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Setting up efficient workflows with ESLint, Prettier and Husky

Learn how to use ESLint Prettier and Husky for code analysis, formatting and automation | a step by step guide

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Developer Avocado
·Aug 24, 2022·

6 min read

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Setting up efficient workflows with ESLint, Prettier and Husky
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Linting and pretty-printing JavaScript code can help in detecting errors earlier, making code more legible, and improving overall code quality. However, there may be some friction when using a formatter for pretty-printing and a linter.

In this article we'll learn how to configure ESLint, Prettier and Husky with lint-staged and use them together to automatically fix and format code in the command line and in VS Code.

Tools of the Trade 🧰

Any software engineer, regardless of their level of experience, can have a bad day and inadvertently introduce changes that cause bugs or simply do not fit into good code development practices.

Fortunately, there are several ways to safeguard your JavaScript project against such attacks. And first thing that comes to mind is the use of various types of tests. Of course, they are the most effective method, but we'll get to that later in this article.

Instead of testing the application's functionality to protect your software project from unintentional developer errors, we'll concentrate on the code itself.

1. Dependencies

ESLint is a lint that detects and reports on patterns in ECMAScript/JavaScript code. Lints, also known as linters, are tools that are used to flag programming errors, bugs, stylistic errors, and suspicious constructs in order to reduce errors and improve the overall quality of your code. In some cases, they can detect those errors and auto-correct them for you.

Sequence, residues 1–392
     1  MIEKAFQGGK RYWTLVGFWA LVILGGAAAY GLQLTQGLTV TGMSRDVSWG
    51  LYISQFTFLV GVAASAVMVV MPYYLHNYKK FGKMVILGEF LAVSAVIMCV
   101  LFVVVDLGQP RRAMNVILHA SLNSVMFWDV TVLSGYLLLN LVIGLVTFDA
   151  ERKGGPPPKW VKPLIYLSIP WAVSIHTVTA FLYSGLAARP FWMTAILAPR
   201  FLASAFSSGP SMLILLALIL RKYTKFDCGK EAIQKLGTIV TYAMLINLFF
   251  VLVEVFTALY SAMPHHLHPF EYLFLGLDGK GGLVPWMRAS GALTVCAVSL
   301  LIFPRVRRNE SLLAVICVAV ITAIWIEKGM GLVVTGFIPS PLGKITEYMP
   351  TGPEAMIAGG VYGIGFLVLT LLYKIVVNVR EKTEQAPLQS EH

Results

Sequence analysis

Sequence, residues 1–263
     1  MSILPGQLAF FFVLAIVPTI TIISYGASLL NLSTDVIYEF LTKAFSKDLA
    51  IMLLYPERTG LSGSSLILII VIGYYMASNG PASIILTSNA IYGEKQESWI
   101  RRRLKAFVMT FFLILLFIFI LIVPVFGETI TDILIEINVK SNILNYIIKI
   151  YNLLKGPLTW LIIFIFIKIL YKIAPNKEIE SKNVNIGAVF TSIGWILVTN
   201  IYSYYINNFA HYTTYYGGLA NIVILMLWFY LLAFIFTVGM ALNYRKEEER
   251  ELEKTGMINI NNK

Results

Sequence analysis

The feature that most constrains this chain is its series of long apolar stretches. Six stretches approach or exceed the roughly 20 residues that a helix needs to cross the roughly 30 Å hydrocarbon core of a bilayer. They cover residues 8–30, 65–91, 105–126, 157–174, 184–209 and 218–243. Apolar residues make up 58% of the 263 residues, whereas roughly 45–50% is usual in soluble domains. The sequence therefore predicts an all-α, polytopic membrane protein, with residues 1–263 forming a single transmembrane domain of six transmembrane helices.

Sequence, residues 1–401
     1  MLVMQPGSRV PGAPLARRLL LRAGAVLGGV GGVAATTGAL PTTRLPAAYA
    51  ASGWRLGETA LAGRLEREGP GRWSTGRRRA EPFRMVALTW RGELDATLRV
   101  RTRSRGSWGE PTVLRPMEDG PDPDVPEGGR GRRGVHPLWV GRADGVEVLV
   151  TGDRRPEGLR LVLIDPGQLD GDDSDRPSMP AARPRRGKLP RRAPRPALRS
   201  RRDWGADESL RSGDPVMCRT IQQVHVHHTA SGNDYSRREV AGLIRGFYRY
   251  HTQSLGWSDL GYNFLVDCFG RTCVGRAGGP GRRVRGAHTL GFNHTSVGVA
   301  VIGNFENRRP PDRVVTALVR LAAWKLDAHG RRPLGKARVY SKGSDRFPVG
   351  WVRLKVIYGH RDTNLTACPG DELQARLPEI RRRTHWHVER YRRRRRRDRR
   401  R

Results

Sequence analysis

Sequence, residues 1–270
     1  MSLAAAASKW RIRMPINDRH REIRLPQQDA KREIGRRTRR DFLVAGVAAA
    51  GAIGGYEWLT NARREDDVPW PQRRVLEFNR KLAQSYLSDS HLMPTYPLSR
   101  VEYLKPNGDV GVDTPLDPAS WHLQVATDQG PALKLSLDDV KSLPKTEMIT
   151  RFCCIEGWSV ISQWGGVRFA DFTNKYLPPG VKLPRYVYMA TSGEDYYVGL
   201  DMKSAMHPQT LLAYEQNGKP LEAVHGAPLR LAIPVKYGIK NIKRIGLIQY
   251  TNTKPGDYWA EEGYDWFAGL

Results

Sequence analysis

ESLint is a popular open-source lint that works best with JavaScript and TypeScript, and it allows us to configure and customize it to our needs by specifying your own rules or extending standardized rules from companies such as Google, Airbnb, and others.

Prettier is an opinionated code formatter that styles code consistently and is easier to use. it supports HTML, CSS, Javascript, and most of their libraries.

Husky is a tool that lets us work with Git hooks. Git hooks are scripts that can be configured to run at specific points in the Git lifecycle, we'll be using Husky to run ESlint and Prettier as our pre-commit hook to ensure that no one can commit if their code violates our rules.

Creating pre-commit and configuring Husky can be difficult to set up and share across the team, so we will be using lint-staged, a tool that installs Husky and configures everything for you, and you only specify scripts to run on every commit.

To install all your dependencies, use the following command (as a dev dependency):

yarn add -D eslint eslint-plugin-react husky lint-staged prettier
# or 
npm i -D eslint eslint-plugin-react husky lint-staged prettier

2. Scripts

Add this to your package.json:

  "scripts": {  
    "format": "prettier --write .",
    "prepare": "husky install"
  "lint-staged": {
    "**/*": "prettier --write --ignore-unknown"

You can now run npm run format to prettify your existing codebase.

What you did here: Husky adds a git commit hook so that lint-staged only runs Prettier on new stuff that you stage in git.

3. Prettier Settings

Now we’ll configure our formatter. To do this, we will use two files: .prettierrc.json that contains the configuration and .prettierignore where we can list files and folders that Prettier should skip (this file works in the same way as .gitignore).

Use the Prettier Playground to decide on what settings your team wants.